I had the privilege Tuesday night to attend a dinner hosted by Microsoft Corp. here in Toronto. When I told my colleagues where I was heading, they said, "What is Microsoft doing at Greenbuild?"
If you saw my earlier post about Panoptix or attended the Greenbuild closing plenary, it might be a little easier to make the connection. Information technology is becoming an ever more important part of green building, particularly when it comes to energy and water management. Of course, data has been a big part of green building from the beginning. It's finding ways to make it usable that we're still working on.
And Microsoft is one of the companies working on it. In part this is financial: its cloud-based Azure database platform is used by JCI's new Panoptix tool, and Microsoft would obviously like more companies to use it as well. (Microsoft is not planning to directly enter the energy management software market.) But it's also part of meeting the company's own carbon commitments--one good reason they were doing a pilot project using their own campus as a test-bed facility in a project with Lawrence Berekely National Lab (LBNL) and Accenture (which does building management consulting).
Microsoft took the occasion of Greenbuild to release a paper (click for PDF) along with LBNL and Accenture about that pilot project, which is an attempt to take many different buildings of different ages and building management system sophistication levels and streamline all their data into one data set stored in the cloud. This is not a building management system: the original automation systems, of whatever vintage and brand, remain in place. These "smarter building" systems slice, dice, and present the data uploaded to them by the building management systems.
That data set also includes real-time weather data and building occupancy statistics. Now Microsoft is developing algorithms that take all this information and learn about how buildings respond to weather--not just climate--as well as occupancy on a really granular level. This is really cool stuff with a lot of potential for providing us with better predictive energy modeling as well as greater ability to get building occupants invested in controlling their own energy use.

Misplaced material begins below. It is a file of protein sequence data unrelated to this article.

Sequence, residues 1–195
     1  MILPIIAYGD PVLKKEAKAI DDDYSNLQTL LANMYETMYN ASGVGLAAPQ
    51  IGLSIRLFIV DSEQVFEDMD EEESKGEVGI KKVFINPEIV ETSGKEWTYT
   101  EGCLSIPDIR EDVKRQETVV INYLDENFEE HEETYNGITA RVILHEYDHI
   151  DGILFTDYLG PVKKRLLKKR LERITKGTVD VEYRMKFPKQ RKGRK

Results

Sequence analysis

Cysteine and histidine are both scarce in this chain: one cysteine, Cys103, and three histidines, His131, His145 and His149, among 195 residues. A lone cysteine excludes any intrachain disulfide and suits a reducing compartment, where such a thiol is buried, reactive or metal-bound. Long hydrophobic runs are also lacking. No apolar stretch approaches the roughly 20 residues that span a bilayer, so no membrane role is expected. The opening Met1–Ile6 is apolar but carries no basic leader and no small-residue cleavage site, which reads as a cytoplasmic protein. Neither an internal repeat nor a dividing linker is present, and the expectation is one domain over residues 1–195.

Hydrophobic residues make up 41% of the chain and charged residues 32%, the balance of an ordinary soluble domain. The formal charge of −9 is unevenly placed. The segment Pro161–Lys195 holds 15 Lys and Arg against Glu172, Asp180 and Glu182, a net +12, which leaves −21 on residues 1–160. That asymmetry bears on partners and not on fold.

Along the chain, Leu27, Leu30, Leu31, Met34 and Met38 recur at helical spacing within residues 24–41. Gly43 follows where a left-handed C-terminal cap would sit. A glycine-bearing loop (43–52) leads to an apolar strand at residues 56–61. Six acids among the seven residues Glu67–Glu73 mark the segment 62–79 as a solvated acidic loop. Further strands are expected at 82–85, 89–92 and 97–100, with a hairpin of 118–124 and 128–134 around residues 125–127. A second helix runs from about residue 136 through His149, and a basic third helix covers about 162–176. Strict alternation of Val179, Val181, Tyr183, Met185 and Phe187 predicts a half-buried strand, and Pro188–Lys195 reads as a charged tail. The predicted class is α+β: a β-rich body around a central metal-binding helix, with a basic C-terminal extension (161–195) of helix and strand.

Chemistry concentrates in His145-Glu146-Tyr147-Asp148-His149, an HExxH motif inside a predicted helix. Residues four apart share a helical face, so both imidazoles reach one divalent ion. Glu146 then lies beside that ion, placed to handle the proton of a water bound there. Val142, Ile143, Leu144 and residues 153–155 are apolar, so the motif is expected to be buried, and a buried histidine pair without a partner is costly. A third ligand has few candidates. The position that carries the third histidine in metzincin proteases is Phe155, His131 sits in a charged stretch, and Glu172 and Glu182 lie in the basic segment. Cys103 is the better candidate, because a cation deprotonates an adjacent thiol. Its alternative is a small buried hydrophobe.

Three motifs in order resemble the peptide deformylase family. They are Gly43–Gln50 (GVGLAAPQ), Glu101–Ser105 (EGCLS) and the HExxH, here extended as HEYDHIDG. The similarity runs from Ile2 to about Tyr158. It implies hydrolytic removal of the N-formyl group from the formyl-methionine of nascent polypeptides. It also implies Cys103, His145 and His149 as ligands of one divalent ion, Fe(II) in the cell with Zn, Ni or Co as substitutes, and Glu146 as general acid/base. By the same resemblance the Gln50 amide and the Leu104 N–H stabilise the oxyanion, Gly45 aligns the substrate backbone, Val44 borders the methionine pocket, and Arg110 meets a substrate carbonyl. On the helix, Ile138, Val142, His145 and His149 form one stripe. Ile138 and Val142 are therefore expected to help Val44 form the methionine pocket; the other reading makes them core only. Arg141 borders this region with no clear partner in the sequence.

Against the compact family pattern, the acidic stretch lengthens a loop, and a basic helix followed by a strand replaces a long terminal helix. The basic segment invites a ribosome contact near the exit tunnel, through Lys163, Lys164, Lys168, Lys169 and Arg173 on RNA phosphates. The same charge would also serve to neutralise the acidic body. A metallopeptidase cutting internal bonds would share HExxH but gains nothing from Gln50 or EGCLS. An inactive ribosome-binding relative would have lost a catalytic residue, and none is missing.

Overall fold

The pilot project also focused on getting data to make more sense for facility managers. The systems can diagnose, prioritize, monetize, and alert the operations staff about problems before anyone complains--and about problems no one would notice to complain about. This "smart building" idea, according to the paper and a Microsoft blog post about it, can pay for itself in 18 to 24 months and offer energy savings of 10%–30%--without any capital improvements or retrofits.
Clearly, sealing and insulating your building is also important, but if you streamline your ability to manage your energy data before undertaking a big retrofit project, you might even be able to diagnose and prioritize the most cost-effective retrofits before you get started.
I'll be talking more about this pilot project in an article on occupant engagement in next month's Environmental Building News. Meanwhile, what do you think of Microsoft's idea of saving 10%–30% on energy without so much as picking up a pry bar?
We installed these in our new house and they work great. Excellent product.
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